B.C. on a path to deficit, thanks to the BC NDP

VICTORIA (September 7, 2018) – While the NDP government continues to paint a rosy picture of the state of B.C.’s finances, the BC Liberals’ Finance Co-critics see a much different situation emerging— a weakening economy, and no plan to deal with it.

“Today’s first quarter results identify some key risks, including reduced economic activity and rising interest rates,” says Shirley Bond, MLA for Prince George-Valemount. “We’re already seeing evidence of the impact of the NDP’s tax and spend agenda— private sector job loss, cancelled projects, and slower housing starts and sales. Sadly, there is no evidence of a jobs plan or an economic growth strategy other than relying on taxpayers to pay more.”

In particular, the report shows housing sales are down at least 15.9 per cent and housing starts have slowed and are projected to plummet almost 20 per cent in 2019. Since the NDP and Green Party formed their Confidence and Supply Agreement in June 2017, B.C. has lost more than 25,000 private sector jobs. Month over month labour force statistics released today show that they have remained flat.

“It’s easy to balance budgets if governments have no concern about increasing taxes, and it is clear this government thinks British Columbians are a piggy bank they can go to time and time again to finance massive increases in public spending,” says Tracy Redies, MLA for Surrey-White Rock. “The declines in consumer spending and the loss of private sector jobs are symptoms of the impact of rising taxation on individuals and businesses, the declining competitiveness of the province, and an increasingly poor investment climate in B.C.”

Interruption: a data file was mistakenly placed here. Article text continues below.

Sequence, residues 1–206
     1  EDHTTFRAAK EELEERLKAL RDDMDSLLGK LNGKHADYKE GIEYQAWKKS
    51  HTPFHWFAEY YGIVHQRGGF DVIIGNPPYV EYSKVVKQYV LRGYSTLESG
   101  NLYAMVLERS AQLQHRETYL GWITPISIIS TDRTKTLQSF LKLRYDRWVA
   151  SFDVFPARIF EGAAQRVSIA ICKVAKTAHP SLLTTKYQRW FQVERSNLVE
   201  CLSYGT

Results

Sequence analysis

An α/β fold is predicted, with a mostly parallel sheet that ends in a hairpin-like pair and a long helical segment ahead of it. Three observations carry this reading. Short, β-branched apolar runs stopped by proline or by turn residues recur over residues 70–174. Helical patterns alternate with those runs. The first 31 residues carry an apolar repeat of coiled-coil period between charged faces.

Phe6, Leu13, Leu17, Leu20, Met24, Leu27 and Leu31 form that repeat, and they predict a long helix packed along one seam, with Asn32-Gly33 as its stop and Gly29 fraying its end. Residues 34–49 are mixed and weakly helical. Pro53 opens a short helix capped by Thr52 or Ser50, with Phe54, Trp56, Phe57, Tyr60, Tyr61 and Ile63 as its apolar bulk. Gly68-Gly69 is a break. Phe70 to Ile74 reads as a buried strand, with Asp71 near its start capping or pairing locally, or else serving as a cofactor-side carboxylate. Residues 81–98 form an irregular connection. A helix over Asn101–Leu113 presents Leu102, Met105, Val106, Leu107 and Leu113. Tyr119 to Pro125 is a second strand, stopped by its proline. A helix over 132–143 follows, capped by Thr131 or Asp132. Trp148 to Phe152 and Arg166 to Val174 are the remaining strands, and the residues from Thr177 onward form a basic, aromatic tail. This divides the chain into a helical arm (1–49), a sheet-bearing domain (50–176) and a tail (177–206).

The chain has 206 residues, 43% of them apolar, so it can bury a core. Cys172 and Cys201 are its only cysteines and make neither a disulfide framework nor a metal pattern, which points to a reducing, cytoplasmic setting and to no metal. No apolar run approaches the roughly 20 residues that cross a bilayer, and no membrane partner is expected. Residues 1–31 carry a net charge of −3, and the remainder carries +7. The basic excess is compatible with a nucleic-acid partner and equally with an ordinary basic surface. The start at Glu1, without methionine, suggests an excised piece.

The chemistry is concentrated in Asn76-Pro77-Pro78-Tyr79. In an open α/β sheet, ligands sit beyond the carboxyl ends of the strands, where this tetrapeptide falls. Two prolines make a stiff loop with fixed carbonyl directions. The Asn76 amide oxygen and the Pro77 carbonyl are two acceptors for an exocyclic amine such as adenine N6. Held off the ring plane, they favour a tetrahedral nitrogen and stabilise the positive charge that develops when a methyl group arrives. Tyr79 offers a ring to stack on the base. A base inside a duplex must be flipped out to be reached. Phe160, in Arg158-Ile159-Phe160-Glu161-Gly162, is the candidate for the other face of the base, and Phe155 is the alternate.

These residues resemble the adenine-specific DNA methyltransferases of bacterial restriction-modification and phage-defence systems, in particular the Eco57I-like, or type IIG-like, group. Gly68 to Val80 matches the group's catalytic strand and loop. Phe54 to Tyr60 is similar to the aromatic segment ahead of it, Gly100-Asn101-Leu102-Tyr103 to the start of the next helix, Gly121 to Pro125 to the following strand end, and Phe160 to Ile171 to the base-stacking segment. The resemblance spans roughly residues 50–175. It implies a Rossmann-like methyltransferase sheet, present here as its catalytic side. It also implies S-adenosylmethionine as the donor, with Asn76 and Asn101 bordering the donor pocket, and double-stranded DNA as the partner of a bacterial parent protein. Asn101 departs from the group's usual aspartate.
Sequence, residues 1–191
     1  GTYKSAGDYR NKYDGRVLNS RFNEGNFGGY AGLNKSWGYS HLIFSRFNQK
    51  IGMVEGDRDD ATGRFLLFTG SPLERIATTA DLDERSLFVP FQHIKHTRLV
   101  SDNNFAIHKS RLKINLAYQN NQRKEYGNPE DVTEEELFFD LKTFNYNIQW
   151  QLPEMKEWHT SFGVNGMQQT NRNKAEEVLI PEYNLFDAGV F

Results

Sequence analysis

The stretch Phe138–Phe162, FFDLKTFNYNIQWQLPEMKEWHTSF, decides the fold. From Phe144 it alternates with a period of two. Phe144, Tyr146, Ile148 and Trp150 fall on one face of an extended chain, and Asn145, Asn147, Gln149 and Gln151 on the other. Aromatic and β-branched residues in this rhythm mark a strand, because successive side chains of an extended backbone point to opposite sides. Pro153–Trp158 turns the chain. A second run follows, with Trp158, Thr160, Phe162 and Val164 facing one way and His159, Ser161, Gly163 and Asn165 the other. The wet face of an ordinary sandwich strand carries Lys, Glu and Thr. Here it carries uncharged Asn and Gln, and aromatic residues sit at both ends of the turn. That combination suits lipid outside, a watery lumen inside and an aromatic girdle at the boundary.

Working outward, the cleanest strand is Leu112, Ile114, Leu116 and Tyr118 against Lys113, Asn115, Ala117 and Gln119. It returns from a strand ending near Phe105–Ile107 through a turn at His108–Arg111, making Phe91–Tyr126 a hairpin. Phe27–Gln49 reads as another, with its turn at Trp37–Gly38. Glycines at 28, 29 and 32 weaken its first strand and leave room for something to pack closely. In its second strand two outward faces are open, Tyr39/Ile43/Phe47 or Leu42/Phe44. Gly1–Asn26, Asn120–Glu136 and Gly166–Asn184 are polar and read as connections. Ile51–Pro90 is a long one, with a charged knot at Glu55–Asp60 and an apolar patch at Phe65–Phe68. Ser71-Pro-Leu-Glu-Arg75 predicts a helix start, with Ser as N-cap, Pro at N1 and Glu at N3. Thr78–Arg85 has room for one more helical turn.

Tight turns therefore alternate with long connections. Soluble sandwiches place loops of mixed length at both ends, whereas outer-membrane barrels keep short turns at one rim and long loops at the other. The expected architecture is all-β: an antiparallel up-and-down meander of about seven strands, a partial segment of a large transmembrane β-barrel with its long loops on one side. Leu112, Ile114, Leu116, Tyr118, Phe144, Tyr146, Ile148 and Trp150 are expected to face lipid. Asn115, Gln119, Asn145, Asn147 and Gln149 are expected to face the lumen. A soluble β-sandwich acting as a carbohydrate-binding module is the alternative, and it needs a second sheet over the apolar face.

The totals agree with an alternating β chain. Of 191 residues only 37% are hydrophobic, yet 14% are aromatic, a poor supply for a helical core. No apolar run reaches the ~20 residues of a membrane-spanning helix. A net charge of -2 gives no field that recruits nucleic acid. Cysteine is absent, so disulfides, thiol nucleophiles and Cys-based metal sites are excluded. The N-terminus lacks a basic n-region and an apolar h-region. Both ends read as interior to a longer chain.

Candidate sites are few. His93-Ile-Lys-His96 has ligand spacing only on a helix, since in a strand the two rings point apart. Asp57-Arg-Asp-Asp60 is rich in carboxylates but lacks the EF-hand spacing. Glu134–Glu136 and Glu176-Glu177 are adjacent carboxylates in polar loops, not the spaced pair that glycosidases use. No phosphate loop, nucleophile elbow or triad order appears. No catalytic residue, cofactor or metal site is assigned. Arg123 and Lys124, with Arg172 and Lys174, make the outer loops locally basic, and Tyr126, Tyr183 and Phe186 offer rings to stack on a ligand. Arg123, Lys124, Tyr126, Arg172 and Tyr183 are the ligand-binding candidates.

The $3 billion increase in taxation amounts to $630 for every man, woman, and child in this province, up 10 per cent since the NDP took office. For a family of four, that is an average of $2,520 in increased taxes. This contradicts the NDP’s claims about increasing affordability in this province.

Bond and Redies say the situation is particularly disappointing, given the NDP inherited a $2.7 billion surplus and the strongest economy in the country from the former BC Liberal government.

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